Sunday, January 31, 2010

We have our 'orders' (so to speak)....

Little Flowers is constructed (in part) on the well-proven educational theory that you work on one thing at a time and then move on. We use this methodology in all subjects. For example, in math we learn what each number looks like and then how to count before we attempt fractions or higher math such as 'imaginary numbers' (how can numbers be imaginary, wonders this homeschooling mom). We do the same in teaching our LF's a life of virtue. One virtue at a time, giving it our full attention, one piece at a time and then moving on.

This excellent method of learning is not our idea - as with most/all good ideas - God had it first. Today's second reading - the familiar 1 Cor. 12:31-13:13 - the wedding reading we all know. Hearing it today, I was struck by God's methodology. He takes one virtue - Love and then lays out to us one piece at a time what we need to work on to master this virtue. What a good idea! ;-)

Perhaps we might consider this for ourselves - Love is patient, love is kind. It is not jealous, it is not pompous.... and on and on. Perhaps if we take this virtue one piece at a time just as we ask our daughters with the virtues of LF we might find ourselves growing in love and how wonderful would that be? For we are reminded that while faith, hope, love remain, these three; but the greatest of these is love!

Our order would be patience, kind, not jealous, not pompous, not inflated, not rude, do not seek your own interests, not quick-tempered, do not brood over injury, do not rejoice over wrongdoing, rejoice with the truth, bear all things, believes all things, hopes all things, endures all things.

Granted it is a list of 14 dimensions of the virtue to work on but we are up for the task as it is God's desire that we reflect Him in this love and while we are surely bound to slip up more than once (even in a given hour) we will prevail. For God assures us - Love never fails!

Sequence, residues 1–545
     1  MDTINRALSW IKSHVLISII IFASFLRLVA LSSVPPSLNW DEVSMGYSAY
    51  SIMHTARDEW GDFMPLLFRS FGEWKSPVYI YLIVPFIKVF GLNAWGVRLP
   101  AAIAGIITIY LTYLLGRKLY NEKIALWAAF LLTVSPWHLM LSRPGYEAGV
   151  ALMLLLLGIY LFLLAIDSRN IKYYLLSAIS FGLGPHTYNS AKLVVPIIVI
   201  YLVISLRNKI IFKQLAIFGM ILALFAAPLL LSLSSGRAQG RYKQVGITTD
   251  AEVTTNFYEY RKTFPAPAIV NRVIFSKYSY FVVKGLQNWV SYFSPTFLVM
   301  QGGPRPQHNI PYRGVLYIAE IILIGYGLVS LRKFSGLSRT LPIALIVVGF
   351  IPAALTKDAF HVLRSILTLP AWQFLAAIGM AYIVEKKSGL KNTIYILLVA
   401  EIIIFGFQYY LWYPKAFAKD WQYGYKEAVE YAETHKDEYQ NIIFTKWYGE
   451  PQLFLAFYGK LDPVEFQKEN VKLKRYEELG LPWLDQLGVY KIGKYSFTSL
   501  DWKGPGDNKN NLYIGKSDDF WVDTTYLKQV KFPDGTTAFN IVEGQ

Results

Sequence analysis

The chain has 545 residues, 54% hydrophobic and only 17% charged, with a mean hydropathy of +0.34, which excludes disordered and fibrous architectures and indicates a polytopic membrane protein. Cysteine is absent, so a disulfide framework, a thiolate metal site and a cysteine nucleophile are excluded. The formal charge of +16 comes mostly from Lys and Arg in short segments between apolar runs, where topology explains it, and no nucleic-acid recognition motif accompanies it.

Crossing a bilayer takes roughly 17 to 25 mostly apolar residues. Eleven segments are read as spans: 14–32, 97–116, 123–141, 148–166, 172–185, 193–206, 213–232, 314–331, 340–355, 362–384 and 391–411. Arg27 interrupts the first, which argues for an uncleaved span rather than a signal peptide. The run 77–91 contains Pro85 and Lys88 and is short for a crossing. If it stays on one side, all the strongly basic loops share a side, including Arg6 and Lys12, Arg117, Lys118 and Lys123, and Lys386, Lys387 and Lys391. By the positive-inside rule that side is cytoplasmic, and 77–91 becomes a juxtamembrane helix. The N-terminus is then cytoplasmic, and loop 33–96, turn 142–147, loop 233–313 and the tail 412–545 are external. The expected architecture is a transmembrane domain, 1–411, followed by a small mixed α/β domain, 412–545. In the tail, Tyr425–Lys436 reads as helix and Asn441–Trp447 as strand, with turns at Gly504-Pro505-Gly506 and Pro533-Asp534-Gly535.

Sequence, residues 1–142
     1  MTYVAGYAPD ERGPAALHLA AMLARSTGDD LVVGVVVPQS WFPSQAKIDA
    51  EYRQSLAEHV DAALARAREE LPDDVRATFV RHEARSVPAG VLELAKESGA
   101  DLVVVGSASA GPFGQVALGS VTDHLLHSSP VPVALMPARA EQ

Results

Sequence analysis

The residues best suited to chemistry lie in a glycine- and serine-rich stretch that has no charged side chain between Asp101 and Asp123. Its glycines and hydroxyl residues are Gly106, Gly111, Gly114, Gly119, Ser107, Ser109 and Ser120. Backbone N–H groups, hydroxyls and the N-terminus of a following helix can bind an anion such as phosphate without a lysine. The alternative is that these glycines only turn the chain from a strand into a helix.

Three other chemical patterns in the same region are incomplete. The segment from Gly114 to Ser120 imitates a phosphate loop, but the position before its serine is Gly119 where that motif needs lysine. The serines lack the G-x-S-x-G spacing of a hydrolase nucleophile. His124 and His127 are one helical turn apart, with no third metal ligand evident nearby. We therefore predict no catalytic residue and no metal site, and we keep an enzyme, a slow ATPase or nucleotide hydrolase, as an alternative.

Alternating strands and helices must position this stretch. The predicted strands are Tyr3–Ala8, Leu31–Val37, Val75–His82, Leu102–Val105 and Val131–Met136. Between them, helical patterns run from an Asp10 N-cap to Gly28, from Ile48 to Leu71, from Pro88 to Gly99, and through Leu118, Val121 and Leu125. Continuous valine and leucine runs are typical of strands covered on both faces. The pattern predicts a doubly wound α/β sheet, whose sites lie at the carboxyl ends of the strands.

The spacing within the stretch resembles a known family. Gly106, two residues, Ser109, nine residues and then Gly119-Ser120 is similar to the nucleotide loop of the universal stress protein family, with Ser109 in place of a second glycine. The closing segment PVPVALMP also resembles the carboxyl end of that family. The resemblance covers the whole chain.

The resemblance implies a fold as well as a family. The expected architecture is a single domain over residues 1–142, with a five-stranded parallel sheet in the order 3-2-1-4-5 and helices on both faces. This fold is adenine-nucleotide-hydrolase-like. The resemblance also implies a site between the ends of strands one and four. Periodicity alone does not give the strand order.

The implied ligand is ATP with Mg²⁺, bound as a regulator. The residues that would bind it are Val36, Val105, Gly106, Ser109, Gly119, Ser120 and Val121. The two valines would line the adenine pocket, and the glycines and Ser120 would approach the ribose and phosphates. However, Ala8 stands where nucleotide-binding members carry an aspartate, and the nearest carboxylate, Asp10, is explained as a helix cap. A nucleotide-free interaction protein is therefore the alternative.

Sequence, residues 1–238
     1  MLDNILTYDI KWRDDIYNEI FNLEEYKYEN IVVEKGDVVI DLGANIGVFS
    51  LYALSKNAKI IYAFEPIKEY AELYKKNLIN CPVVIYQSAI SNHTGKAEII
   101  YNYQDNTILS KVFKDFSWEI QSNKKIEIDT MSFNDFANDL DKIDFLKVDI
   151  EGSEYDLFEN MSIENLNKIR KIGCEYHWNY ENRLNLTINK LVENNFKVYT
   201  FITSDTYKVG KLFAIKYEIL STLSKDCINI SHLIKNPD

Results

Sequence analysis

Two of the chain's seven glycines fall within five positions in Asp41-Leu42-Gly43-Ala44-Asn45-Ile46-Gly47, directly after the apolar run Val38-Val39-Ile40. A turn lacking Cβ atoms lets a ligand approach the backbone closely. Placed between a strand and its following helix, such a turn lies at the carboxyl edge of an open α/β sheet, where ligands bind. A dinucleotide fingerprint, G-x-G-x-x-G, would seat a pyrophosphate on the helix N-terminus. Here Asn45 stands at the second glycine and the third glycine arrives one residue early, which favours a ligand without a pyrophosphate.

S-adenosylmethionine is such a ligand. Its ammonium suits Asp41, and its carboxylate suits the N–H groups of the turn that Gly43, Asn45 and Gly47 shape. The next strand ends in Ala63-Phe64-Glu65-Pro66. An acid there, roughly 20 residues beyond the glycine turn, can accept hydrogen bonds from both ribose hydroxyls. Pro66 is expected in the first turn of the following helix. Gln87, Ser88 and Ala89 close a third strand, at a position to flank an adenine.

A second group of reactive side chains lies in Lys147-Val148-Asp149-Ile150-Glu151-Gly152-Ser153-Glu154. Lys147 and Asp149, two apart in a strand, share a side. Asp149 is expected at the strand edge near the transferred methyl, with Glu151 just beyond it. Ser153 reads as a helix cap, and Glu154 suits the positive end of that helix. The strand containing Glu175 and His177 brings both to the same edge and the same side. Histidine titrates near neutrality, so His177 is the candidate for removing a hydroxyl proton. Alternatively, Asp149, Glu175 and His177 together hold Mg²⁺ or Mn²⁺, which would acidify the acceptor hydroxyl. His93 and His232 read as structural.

We will surely s

Thursday, January 28, 2010

Cool little video on Blessed Margaret Pole

It may make the girls go "oooh" when they mention how the headsman took 10 swipes at poor old Margaret's head, after all, we are talking Courage here (Wreath 2)but the visuals are nice.

Margaret was Countess of Salisbury under Henry VIII and Mary Tudor's governess. She was beheaded while in her 70's after enduring prison for years. She was beheaded for being a Catholic in 1541. Her son was Cardinal Pole, the last Catholic archbishop of Canterbury.

Sunday, January 24, 2010

New Year, New You!

If you don't know it, we put out a monthly newsletter from Behold The Child. I encourage you to sign up ( Here's a bit of what I wrote for the newest issue:

It is customary to make resolutions during this first month of a new year. We stand, feet akimbo, hands firmly on our hips and declare “This year will be the best year ever!” We are sure of ourselves in January, everything is possible with a new calendar in front of us and the graces of Christmas full in our hearts.